AUSTIN – When the lights went down in the theater for the Fantastic Fest debut of “John Wick,” I had no expectations at all for the film. It never occurred to me that it would end up being one of the most enjoyable things I saw there and a genuinely exciting announcement for a pair of pulp action filmmakers.
Chad Stahelski was the stuntman who doubled for Keanu Reeves on “The Matrix,” and since then, he's done “The Replacements,” both “Matrix” sequels, “Thumbsucker,” “Constantine,” and “Man Of Tai Chi” with Reeves, and they've developed a strong collaborative relationship. David Leitch, who co-directed the film with Stahelski, has worked on dozens of movies with him in the stunt department. They've both worked as second-unit actual unit directors on films like “The Hunger Games: Catching Fire,” “Escape Plan,” “Safe,” “The Wolverine,” Parker,” “Ninja Assassin,” and the upcoming “Jurassic World.”
The two of them make their feature debuts with “John Wick,” and thanks to their visual plan as well as a very clever script by Derek Kolstad, the result is something that works from start to finish, and it feels like the work of much more experienced storytellers. There's a confidence to “John Wick” that is sort of intoxicating. It's not often you see a film that takes such visible joy in shooting bad guys in the face, but there's something almost giddy about the hyperviolence of the film.
John Wick (Keanu Reeves) was a hitman with a reputation as being the absolute scariest thing out there until he met his wife (Bridget Moynahan). In an opening sequence that is as efficient in the dealing of misery as “Up,” we see John lose his wife to disease, and as he seems on the verge of collapsing into himself. Then a gift arrives, and it's clear that she knew how he would hurt. She bought him a dog so he'd have something to love, and John quickly finds that he's able to use the dog, which he names Daisy, to give him a focus and a purpose.
You see where this is going, don't you?
There was an unexpected and accidental theme that emerged over the course of Fantastic Fest this year. Basically, dogs did not make it through the festival in very good shape. Daisy the dog, who is an absolutely adorable dog in every single second of her screentime, is no exception. John crosses paths with Iosef Tarasov (played by the eminently punchable Alfie Allen from “Game Of Thrones”), a punk kid of a Russian mobster, and Iosef decides he wants to buy Wick's car, a vintage muscle machine that Wick holds very dear. When Wick turns him down cold, Iosef takes offense, leading to him breaking into Wick's house in the middle of the night. The one real mistake Iosef makes is leaving Wick alive when he drives away with the car, especially since they put a bullet in Daisy, taking away the last thing Wick had left to love.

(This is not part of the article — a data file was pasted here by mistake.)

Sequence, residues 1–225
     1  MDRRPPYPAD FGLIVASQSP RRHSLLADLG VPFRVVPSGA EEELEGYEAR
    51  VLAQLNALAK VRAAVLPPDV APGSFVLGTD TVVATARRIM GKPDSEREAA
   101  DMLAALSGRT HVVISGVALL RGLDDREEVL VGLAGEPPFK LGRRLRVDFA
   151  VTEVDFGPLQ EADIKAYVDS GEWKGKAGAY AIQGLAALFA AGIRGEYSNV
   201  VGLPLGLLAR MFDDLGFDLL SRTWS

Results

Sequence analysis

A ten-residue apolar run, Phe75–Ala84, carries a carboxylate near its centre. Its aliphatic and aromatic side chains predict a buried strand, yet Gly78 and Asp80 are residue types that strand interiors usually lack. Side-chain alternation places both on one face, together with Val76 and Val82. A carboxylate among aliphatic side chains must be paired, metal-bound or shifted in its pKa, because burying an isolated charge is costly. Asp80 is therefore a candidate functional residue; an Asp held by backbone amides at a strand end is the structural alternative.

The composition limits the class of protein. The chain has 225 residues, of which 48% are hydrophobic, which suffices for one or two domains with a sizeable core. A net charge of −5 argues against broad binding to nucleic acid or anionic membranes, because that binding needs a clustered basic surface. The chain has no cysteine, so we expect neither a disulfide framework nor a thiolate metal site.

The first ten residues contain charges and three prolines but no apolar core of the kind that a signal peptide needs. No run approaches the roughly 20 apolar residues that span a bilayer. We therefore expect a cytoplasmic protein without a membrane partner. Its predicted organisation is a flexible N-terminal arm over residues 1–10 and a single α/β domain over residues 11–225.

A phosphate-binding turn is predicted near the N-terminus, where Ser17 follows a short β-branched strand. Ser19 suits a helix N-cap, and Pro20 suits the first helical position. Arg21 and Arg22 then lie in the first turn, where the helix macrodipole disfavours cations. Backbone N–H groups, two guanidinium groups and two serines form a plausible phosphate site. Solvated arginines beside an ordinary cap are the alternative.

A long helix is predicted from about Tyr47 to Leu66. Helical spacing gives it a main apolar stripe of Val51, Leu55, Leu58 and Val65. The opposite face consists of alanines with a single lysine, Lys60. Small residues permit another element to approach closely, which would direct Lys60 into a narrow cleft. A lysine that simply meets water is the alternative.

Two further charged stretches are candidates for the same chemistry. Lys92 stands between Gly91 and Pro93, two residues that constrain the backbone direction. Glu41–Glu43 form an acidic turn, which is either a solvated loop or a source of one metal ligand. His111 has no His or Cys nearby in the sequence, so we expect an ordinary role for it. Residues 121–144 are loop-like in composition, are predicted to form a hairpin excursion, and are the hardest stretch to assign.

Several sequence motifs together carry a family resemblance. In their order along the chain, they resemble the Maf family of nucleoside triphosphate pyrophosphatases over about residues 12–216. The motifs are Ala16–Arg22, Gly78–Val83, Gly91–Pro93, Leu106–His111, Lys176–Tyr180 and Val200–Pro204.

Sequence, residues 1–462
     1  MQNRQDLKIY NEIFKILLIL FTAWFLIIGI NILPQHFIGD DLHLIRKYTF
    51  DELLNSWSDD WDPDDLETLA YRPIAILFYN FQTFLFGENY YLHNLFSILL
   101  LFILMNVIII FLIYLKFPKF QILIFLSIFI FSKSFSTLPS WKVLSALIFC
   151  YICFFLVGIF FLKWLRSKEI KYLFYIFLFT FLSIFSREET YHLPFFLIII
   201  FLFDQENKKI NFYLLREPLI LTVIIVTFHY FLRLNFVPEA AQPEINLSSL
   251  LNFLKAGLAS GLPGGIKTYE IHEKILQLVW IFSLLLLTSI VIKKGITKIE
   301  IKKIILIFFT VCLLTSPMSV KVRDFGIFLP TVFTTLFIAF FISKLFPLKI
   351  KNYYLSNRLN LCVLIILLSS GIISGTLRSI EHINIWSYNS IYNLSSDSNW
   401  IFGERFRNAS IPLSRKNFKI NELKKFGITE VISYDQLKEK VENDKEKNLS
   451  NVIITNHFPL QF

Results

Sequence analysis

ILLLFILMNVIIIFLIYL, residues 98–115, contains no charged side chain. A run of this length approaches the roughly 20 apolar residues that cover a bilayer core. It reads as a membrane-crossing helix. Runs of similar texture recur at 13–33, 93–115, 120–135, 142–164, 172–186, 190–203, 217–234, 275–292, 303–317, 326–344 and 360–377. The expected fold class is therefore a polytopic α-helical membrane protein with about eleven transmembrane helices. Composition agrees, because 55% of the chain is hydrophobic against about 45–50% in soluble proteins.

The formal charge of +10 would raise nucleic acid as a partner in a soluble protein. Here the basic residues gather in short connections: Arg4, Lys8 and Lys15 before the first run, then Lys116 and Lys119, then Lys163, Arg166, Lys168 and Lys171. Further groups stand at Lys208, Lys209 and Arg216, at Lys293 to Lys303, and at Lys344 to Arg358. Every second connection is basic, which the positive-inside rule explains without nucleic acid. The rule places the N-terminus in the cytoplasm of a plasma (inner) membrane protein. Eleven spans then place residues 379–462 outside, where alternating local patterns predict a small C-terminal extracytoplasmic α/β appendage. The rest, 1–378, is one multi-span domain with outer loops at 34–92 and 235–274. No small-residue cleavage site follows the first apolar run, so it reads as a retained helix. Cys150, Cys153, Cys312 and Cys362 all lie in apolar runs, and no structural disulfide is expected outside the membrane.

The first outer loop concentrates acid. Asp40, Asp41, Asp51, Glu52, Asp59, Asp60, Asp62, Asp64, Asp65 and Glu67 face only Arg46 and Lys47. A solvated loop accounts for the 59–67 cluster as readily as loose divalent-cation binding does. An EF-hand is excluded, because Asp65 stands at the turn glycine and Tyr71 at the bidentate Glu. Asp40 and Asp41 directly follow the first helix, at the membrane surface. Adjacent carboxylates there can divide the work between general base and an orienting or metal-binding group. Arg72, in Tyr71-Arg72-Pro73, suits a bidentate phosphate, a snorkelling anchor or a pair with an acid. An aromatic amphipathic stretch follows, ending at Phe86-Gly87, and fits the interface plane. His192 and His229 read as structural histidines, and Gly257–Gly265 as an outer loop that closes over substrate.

And even worse, John Wick has to take the bus.
“John Wick” has a pretty great sense of humor about John Wick, and Keanu Reeves steers directly into the absurd tone of things. As soon as Wick begins to get back into the business for the specific purpose of hunting down Iosef and killing him in the most unpleasant way possible, the film starts building out the world that Wick left behind, and it's a lot of fun. There's a big ensemble cast, including his old friend and rival Marcus (Willem Dafoe), a sympathetic chop shop owner named Aureilo (John Leguizamo), a mysterious hotel owner (Ian McShane) and manager (Lance Reddick), and the owner of a cleaning company with a particular specialty played by the great David Patrick Kelly, and everybody who shows up gets something fun to do. As a fan of Adrianne Palicki's work, I was especially pleased to see her play an unapologetic bad guy, and she's got a fantastic fight sequence with Reeves at one point.
Michel Nyqvist is great as Viggo Tarasov, the father of the totally idiotic Iosef, and as soon as he realizes that his son has crossed this particular wrong person, it becomes all about self-preservation and less about taking care of his son. The film is carefully built, so while it contains a ton of action, each sequence stands alone, with just enough breathing room in-between. The movie escalates with a sense of control that's genuinely impressive, and by the time it reaches the big finish, you are rooting for John Wick to shoot everyone in the face. Because he does. Oh, man, does he shoot people in the face.
One of the benefits of Stahelski and Leitch directing the film is that, as stuntmen, they know what they want to see. This is directed the way Gene Kelly directed dance movies, with a huge amount of respect paid to making sure you see someone's whole body in the frame when something amazing happens. They want you to see how much of this is Reeves, and when it's not him, they want to trick you by happily showing you every inch of the stuntman. It makes for dynamic action that is 100% Greengrass-shakey-cam-free. Jonathan Sela's cinematography is sleek and clean, and Elisabet Ronaldsdottir has a great percussive editing style that serves the material perfectly.
“John Wick” won't redefine action movies, but it perfectly exemplifies what I want from an action film when I go. Have fun with the world, shoot the action well, motivate it in a way that doesn't feel cheap. It's amazing how little it takes to do it well, and how hard it seems to be for people to do it. “John Wick” is the goods, though, and for action fans, you're in for a treat in just over a week.
“John Wick” arrives in theaters October 24th.
“John Wick” was reviewed as part of Fantastic Fest 2014.